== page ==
GATI has expertise in surface express logistics as well as customized solutions for retail and MSME segments. It also has a minor presence in air express and supply chain solutions contributing 4% each to the revenues. It has a pan-India network with access to more than 19,800 PIN Codes and 735 of 739 districts and a distribution infrastructure of 4.1 million square feet comprising 30 hubs, including 10 air hubs.
Express logistics is a niche segment where the players differentiate themselves on their physical and digital infrastructure to provide quicker turnaround and delivery of consignment, with proper tracking and updates to the end-customer. It is also a less fragmented space compared to transportation or warehousing while technology adoption is high.
As a subsidiary of Allcargo, GATI can in turn leverage Allcargo’s network to offer its customers the opportunity to explore Allcargo’s services including Container Freight Stations and Inland Container Depots, Project Logistics, and Contract Logistics to tap into the strengths of Allcargo’s global network that operates through more than 300 offices in over 180 countries. This will help GATI to augment its end-to-end logistics capabilities beyond borders as well.
GATI’s come-back plan
Though Allcargo acquired GATI in 2020, it got a new CEO only in August 2021. The new CEO brings in decades of leadership experience, is known for setting up the business and organisation of UPS (US MNC) in India, and also served as CEO of Mahindra Logistics.
The come-back plan is chartered under his leadership with: one, augmentation of capabilities and customer acquisition, two, building on top of the nation-wide presence and sticky client relationships that GATI has built and three, eventually delivering on financial performance as well.
#1 Augmentation of capabilities
The first set of initiatives under business transformation was hiving-off of non-core businesses, cutting down on debt and making the business asset light. In the last 2 years, management has executed this by sale and lease back of its truck fleet, warehousing space and the sale of its cold chain business, GATI Kausar. The only remaining non-core asset is its fuel station business which is facing delays pending clearance from PSU OMCs. Through these initiatives, the management has cut down debt from Rs. 476 Crore in FY20 to Rs. 155 Crore at the end of FY22.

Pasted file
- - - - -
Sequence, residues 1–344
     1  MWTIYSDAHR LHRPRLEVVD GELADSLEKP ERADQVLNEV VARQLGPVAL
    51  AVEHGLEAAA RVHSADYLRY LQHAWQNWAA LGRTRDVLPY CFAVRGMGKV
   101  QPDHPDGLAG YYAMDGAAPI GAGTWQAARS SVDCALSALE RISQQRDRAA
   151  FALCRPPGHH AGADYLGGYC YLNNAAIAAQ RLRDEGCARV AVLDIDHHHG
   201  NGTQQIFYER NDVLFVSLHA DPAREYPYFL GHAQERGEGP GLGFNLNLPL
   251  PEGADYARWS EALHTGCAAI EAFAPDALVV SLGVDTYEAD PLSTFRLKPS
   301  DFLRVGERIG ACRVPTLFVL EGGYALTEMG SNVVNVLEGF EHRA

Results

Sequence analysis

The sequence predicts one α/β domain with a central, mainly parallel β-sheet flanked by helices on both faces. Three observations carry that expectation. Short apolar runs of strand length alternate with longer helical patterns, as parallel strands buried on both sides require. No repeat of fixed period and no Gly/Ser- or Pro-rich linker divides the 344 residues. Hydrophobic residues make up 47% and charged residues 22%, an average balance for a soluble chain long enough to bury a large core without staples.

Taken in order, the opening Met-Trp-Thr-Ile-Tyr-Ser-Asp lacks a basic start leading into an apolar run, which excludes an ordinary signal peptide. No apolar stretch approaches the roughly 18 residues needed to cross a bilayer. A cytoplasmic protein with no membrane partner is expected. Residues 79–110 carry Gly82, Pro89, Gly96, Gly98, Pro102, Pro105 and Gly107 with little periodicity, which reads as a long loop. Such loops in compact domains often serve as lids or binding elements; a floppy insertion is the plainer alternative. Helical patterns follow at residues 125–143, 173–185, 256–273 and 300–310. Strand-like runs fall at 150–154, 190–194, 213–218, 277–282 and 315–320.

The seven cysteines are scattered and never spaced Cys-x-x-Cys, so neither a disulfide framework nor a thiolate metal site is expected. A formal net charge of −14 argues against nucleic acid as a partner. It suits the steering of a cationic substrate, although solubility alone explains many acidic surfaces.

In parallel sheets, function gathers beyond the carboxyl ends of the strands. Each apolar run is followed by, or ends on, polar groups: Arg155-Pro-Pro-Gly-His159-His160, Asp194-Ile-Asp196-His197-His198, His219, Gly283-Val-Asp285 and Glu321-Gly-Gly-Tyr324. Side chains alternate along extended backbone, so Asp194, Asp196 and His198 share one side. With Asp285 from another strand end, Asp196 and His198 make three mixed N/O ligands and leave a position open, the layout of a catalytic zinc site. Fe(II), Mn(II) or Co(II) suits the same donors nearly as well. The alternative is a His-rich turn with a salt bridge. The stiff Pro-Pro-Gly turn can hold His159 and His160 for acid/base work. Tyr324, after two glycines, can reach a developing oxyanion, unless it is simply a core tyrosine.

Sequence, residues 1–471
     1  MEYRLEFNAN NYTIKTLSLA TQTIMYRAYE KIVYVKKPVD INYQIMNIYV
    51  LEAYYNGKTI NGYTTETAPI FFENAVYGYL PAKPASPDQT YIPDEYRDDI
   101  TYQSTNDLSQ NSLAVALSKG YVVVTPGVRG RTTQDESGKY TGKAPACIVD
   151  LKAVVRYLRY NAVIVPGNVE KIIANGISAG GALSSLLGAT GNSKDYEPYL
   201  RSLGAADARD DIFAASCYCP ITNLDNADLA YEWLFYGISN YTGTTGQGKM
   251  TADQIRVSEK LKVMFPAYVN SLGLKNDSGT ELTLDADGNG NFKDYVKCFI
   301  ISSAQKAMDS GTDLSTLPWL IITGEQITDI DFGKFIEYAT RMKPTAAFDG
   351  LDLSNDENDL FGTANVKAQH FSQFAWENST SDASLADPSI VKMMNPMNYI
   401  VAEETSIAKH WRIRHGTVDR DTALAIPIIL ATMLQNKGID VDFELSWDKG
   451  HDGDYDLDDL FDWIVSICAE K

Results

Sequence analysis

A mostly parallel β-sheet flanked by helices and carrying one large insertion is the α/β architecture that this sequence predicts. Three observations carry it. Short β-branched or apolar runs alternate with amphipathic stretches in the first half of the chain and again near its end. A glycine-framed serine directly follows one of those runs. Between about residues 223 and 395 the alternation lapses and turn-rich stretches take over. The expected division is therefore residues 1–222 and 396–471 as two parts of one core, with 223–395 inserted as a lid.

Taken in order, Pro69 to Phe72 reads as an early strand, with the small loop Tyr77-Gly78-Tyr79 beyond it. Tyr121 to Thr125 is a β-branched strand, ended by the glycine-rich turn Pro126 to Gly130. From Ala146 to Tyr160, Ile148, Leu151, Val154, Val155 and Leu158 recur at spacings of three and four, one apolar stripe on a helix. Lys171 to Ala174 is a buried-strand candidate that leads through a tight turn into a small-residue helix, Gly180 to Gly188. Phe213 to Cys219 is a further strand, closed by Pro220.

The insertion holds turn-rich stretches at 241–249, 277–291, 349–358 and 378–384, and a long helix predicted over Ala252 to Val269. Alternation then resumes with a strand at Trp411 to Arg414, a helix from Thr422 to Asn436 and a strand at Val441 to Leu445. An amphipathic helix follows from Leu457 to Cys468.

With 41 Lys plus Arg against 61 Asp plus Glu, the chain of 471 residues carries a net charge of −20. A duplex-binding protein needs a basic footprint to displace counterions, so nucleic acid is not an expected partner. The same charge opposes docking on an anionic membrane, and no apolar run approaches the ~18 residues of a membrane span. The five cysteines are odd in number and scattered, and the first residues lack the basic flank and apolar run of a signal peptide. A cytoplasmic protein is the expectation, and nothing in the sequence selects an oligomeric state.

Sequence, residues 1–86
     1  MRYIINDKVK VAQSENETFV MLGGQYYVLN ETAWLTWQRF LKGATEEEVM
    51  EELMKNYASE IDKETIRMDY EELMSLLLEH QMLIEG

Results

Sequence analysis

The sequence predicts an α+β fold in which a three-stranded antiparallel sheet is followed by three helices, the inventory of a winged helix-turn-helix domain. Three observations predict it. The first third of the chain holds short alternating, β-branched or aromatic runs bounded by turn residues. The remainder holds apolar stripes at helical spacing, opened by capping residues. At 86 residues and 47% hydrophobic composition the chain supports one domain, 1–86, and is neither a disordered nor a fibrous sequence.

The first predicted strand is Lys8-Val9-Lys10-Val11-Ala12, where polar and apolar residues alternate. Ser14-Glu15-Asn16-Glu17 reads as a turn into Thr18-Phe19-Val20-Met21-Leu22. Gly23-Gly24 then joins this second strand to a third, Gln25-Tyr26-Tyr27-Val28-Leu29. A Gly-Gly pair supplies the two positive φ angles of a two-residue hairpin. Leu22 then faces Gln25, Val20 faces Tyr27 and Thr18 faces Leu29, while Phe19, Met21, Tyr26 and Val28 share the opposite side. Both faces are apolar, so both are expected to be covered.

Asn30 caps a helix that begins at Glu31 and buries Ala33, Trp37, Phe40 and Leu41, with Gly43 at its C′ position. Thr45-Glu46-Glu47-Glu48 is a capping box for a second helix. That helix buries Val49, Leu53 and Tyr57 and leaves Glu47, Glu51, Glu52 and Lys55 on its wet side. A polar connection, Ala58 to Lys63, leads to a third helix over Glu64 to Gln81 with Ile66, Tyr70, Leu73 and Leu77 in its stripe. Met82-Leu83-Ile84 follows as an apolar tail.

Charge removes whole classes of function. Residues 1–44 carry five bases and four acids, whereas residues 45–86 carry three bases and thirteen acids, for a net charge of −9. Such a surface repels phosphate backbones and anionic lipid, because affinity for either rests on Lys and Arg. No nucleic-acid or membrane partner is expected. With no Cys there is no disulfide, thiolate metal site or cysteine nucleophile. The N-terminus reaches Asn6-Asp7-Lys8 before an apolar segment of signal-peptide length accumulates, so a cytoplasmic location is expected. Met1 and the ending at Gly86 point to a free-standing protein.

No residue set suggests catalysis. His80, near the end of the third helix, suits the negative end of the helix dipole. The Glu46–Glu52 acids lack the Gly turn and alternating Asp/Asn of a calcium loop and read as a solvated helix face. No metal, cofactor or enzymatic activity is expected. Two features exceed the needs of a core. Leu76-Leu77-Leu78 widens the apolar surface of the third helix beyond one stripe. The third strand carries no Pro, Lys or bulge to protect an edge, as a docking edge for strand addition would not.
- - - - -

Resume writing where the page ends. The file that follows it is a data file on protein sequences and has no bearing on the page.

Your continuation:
Having become asset light, the next set of priorities is to augment its capabilities on infrastructure and digitization to provide best in class services that match competition to grow the business. In express logistics, what matters is quicker turnaround of the consignment while offering proper tracking and timely delivery to the end-consumer. This requires robust physical and digital infrastructure to cater to the needs of its customers at both ends. The management has also drawn an ambitious growth plan to achieve revenue of Rs. 3,000 crores by FY26, ~2.5X the FY22 logistics business revenues on the back of these investments. Accordingly, GATI’s plans to improve its offering are as follows:
One, infrastructure expansion. In the second half of FY22, GATI inaugurated its first surface transhipment hub at Farukh Nagar, Haryana. This hub is spread over 1 lakh + sq. ft with 89 docks which could load approximately 100 trucks and provide economies of scale and faster turnaround time. The plan is to build seven such mega hubs in the next two years across the country to strengthen its leadership.
GATI will use a lease/asset light model to set up these hubs, which will help keep debt levels in check. These hubs will be providing automated and paperless processes with enhanced cargo handling abilities with higher throughput, replacing the older ones. The next two hubs with similar facilities and scale will be operational in Mumbai and Bangalore by H1FY23 followed by Nagpur, Indore, Hyderabad in H2FY23, and then Cochin and Pune in H1FY24. This infrastructure will form the backbone in providing best in class service to customers and match competition.
Two, improving digitization. This translates into value-added services, which are increasingly becoming a necessity. It includes picking, packaging, MIS reports, analytics service, mobile updates and online GPS enabled tracking, e-mail alerts and so on. Gati-KWE has recently implemented the CRM tool Drishti, powered by Salesforce, which enables the sales team to automate every process and allows them to instantly share dashboards with customers. GATI Genie, the WhatsApp chatbot allows businesses to check PIN Code serviceability, register for pick-ups, calculate the rate and transit time of the prospective cargo movement and track and trace it as it makes its way across India’s many highways, and even address concerns and queries, all on WhatsApp.
GATI is already ahead in geographical reach; its initiatives serve to further strengthen its position. This apart, the blend of infrastructure and digitization that is the hallmark of the express logistics business is harder to replicate by smaller players. This can therefore both keep competition in check and help GATI add and retain clients, with better pricing.
Three, customer acquisition in the promising MSME segment. The sales acceleration strategy involves initiatives like market identification, market penetration, lost customer conversion and ensuring customer stickiness. However, the segment which GATI sees enormous potential going forward is the micro small and medium scale enterprises (MSME). GATI has designed a special sales task force targeting MSMEs. GATI will help them devise their time to market as well as go to market strategy that will not only help them to expand their reach but also to optimize their inventory level.
#2 Building on top of a sticky client base